You don’t realise your presentations suck until you see one that really does. And suddenly, all your hours spent copying, pasting, and playing around with the design in Powerpoint or Prezi just don’t seem to cut it. So how can you elevate your presentations from blah, to blah-dy epic? Here’s what you need to know.
1. Kill your darlings
And by that, we mean your precious data points, stats, and figures. Yes, we know you’ve spent hours (days or weeks even) sourcing valuable data to back up your presentation, but your slides are not their final resting place. When presenting data and information, keep the design consistent with information mapping best practices. At the end of this preso, ask yourself, “what are the three most important points I’d like the audience to take home?” Then design your preso to make sure that happens. You can achieve this by understanding How To Use Data in Presentations. At Missing Link, we do this by following two core rules: 1) The fewer better rule (fewer but better data points always have more impact. 2) The rule of threes (people retain knowledge better when presented in threes).
Utilise these two rules in your design to aid knowledge retention and drive the data points home.
2. Choose your visuals carefully
Adding visual elements to your presentation is crucial, but that doesn’t give the presenter free reign to insert their entire photo library into their slide deck. Remember that visual elements should support the point you’re trying to make, not distract from it. Rather than bombarding your audience with visuals, focus on quality over quantity. You don’t need your pictures to speak a thousand words – you just need them to support one really good point. Finding the holy grail of images, however, can be time-consuming – unless you know where to find pictures that don’t suck for your presentations.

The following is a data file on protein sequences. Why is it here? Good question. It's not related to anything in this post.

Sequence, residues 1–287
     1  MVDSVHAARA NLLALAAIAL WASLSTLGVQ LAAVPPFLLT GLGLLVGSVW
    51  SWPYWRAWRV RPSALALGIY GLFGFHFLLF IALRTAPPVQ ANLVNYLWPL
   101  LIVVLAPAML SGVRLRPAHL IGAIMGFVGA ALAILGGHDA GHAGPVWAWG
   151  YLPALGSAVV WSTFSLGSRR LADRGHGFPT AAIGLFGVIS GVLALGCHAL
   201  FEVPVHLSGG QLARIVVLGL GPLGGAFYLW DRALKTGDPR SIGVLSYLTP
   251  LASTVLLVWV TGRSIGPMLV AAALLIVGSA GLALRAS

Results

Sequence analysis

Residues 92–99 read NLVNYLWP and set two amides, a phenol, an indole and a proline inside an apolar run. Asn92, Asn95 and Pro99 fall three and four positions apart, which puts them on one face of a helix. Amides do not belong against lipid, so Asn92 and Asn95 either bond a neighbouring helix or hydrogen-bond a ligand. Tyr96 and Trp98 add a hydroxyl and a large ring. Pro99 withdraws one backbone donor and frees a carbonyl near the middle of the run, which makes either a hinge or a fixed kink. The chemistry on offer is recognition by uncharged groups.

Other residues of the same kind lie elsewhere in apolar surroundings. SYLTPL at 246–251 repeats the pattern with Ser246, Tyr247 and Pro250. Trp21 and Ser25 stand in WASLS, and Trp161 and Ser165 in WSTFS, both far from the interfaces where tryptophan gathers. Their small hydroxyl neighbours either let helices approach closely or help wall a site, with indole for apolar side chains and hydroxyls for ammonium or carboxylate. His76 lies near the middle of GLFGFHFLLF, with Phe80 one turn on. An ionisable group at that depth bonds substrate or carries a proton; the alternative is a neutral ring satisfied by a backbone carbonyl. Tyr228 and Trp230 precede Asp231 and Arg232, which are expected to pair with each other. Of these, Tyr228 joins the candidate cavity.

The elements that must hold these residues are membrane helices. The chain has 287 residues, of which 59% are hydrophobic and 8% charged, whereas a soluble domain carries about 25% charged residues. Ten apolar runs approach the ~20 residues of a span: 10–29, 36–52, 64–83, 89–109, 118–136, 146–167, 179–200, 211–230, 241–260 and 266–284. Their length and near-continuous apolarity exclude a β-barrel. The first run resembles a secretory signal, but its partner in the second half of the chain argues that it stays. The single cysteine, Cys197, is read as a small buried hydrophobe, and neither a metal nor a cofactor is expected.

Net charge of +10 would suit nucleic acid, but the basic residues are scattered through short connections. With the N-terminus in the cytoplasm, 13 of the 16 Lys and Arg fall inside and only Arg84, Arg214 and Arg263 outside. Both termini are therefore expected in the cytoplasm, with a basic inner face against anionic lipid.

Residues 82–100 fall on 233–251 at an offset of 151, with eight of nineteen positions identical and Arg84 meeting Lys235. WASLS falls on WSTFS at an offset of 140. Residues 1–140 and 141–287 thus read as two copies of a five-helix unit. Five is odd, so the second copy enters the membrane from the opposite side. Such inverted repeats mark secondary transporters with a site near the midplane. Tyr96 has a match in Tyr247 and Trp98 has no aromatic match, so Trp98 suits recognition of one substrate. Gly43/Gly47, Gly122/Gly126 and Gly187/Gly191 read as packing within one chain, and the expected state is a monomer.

3. Keep it short and to the point
Remember: slides are slides. Documents are documents. They’re not the same thing. Be sure to separate the two in your mind before tackling the design stage. Otherwise, you may fall victim to the dreaded Slide Stuffing. Prioritise clear and concise design – whether it’s headings, text, colour, or image. Your slides are a tool to support the story you’re selling; it’s not the story – make sure it’s sharp, memorable, and to the point.
Remember: slides are slides. Documents are documents. They’re not the same thing. Be sure to separate the two in your mind before tackling the design stage.
4. Easy on the transitions and animations
We all love a good swirl or swoosh transition, but overdoing it can easily make your presentation look cheap and amateurish. Limit transitions and animations to only when necessary and when they add meaning to the context, like a big reveal. Even then, be sure to focus on transitions and animations that are subtle, smooth, and non-distracting.
5. What the font?
Repeat after us, “I will not use Comic Sans in my presentation.” Fonts matter and can easily take away or add to the overall look and feel of your preso. Be sure to include bold and easy-to-read fonts. It’s also best practice to stick with fonts that are easily accessible on all devices, particularly if there’s a good chance you’ll have to give your preso on multiple devices. Also, be sure to avoid using fonts like Times New Roman, frequently associated with text-heavy documents. It’s also important to consider the size of your fonts depending on the presentation. Not 100% what the best pick is? See our PowerPoint Font Tips.
5. What the font?
The golden rule of presentation design is to stop what you’re doing and take it back a step. Every great presentation is written before it’s designed before it’s delivered. This means that each design choice needs to be aligned and intentionally made according to your action framework. The Missing Link Action Framework teaches your team how to define your audience, how to reach them, and what motivates their decision-making. It then equips you with the know-how to write, design and deliver a presentation that leads your audience to action every single time.
Are you ready to master the message, pimp the preso and stand and deliver in one fell swoop? Click here for the only presentation training you’ll ever need.